Vitamin A and its derivatives have been shown to regulate the growth and differentiation of gastrointestinal epithelial cells; in addition, vitamin A deficiency has been convincingly shown to be associated with increased susceptibility to infection. The gastrointestinal mucosal barrier, which is a component of the innate immune system, is considered the first line of defense, as it provides a barrier between the external environment and the internal milieu. A disturbance in the integrity of the intestinal epithelium is one of the main factors involved in increased incidence of infections during vitamin A deficiency. In this study, the effects of vitamin A deficiency on microbial ecology and the expression of genes related to the intestinal mucosa's innate immunity were examined in a rat model. Using the 16s rDNA method, we demonstrate that a vitamin A-deficient (VAD) diet increases the total amount of bacteria in the gastrointestinal tract and alters the intestinal microflora. Results show a decrease in the relative proportion of Lactobacillus spp. and the simultaneous appearance of Escherichia coli strains. Lack of vitamin A significantly changed mucin (MUC) dynamics, as reflected by the enlarged goblet-cell "cup" area relative to controls; decreased MUC2 mRNA expression in the jejunum, ileum and colon of VAD rats and increased MUC3 mRNA expression in the ileum and colon of these rats. In addition, vitamin A deficiency down-regulated defensin 6 mRNA expression while up-regulating toll-like receptors 2 and 5 mRNA expressions. The current study indicates that vitamin A deficiency interferes with the integrity of the gastrointestinal mucosal barrier.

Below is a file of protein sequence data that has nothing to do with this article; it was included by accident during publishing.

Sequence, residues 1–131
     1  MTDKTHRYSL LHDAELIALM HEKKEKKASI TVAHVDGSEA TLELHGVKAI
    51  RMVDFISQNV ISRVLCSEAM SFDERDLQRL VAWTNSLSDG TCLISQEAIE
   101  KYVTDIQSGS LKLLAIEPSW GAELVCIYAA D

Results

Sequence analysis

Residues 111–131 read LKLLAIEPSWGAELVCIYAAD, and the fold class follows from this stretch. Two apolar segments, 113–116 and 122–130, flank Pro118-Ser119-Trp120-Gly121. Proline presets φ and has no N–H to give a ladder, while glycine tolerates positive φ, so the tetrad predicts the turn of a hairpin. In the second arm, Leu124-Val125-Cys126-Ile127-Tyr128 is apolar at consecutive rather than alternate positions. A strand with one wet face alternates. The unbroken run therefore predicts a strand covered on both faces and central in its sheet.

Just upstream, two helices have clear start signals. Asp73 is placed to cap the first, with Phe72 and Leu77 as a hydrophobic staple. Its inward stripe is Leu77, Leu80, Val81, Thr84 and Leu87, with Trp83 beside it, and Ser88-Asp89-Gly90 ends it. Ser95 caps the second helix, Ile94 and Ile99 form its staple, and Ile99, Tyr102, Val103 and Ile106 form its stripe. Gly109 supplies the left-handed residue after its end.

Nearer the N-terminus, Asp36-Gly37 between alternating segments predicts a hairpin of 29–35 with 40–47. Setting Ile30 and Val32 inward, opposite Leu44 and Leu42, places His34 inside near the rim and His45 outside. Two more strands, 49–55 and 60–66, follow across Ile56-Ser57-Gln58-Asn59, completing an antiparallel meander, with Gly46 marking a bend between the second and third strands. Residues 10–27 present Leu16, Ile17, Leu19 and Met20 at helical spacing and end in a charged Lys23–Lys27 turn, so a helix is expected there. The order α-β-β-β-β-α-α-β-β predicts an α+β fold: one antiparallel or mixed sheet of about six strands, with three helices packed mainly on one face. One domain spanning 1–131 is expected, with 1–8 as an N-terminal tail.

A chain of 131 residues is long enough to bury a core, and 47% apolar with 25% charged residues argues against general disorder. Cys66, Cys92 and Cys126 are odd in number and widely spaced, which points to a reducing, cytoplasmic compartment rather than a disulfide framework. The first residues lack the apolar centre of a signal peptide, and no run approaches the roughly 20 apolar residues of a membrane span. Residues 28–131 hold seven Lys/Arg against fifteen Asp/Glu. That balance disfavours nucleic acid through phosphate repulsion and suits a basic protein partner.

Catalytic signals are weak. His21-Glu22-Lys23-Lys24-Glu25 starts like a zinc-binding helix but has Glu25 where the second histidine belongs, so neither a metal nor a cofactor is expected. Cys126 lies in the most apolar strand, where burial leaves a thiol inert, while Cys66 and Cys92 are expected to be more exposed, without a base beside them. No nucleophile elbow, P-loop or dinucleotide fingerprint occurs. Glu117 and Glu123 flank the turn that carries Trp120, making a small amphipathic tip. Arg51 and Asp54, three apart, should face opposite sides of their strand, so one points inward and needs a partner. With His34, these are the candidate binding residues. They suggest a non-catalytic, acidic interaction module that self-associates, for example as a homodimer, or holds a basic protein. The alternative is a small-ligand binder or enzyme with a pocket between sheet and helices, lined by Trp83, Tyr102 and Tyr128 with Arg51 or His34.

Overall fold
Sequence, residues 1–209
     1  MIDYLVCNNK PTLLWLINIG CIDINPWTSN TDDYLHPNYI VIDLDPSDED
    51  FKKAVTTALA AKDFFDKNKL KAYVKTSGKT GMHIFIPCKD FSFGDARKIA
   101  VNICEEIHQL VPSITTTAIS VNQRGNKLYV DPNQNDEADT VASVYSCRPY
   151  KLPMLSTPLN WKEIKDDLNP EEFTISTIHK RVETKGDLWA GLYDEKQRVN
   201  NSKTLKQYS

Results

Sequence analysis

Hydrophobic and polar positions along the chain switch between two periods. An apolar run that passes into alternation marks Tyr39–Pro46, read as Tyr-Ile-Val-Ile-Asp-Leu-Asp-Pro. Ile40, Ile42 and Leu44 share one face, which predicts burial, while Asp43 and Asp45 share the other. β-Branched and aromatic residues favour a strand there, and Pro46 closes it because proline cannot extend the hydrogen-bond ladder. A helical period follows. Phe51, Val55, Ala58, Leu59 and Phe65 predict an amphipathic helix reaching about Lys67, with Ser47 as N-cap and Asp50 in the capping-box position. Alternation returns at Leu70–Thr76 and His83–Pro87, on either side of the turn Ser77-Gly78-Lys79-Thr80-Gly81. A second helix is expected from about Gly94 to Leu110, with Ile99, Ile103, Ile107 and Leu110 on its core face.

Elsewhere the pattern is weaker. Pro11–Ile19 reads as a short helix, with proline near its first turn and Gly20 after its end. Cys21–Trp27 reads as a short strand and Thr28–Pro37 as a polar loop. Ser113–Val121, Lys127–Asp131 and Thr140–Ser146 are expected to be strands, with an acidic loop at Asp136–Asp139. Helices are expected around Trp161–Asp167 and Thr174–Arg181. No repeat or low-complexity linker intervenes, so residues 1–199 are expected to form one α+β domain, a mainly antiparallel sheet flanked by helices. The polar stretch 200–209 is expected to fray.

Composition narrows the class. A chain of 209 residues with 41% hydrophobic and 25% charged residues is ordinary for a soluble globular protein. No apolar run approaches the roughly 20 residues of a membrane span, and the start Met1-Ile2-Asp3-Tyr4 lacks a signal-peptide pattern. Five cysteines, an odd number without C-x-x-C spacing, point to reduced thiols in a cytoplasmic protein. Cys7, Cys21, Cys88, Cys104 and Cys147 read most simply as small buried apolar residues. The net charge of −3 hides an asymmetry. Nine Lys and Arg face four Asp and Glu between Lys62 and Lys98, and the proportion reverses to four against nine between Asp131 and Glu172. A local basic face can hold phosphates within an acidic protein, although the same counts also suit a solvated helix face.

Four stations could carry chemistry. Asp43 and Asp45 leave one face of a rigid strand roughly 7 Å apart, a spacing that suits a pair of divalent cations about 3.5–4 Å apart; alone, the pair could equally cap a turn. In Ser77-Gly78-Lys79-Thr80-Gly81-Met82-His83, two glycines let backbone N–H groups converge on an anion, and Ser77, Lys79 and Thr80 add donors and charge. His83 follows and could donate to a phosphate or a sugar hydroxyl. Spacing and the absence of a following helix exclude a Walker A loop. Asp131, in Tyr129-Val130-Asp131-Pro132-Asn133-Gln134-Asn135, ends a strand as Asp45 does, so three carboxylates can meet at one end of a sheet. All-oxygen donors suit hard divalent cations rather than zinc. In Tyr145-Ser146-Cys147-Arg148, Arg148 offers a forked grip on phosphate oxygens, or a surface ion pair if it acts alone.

- Toll-like receptors
- Vitamin A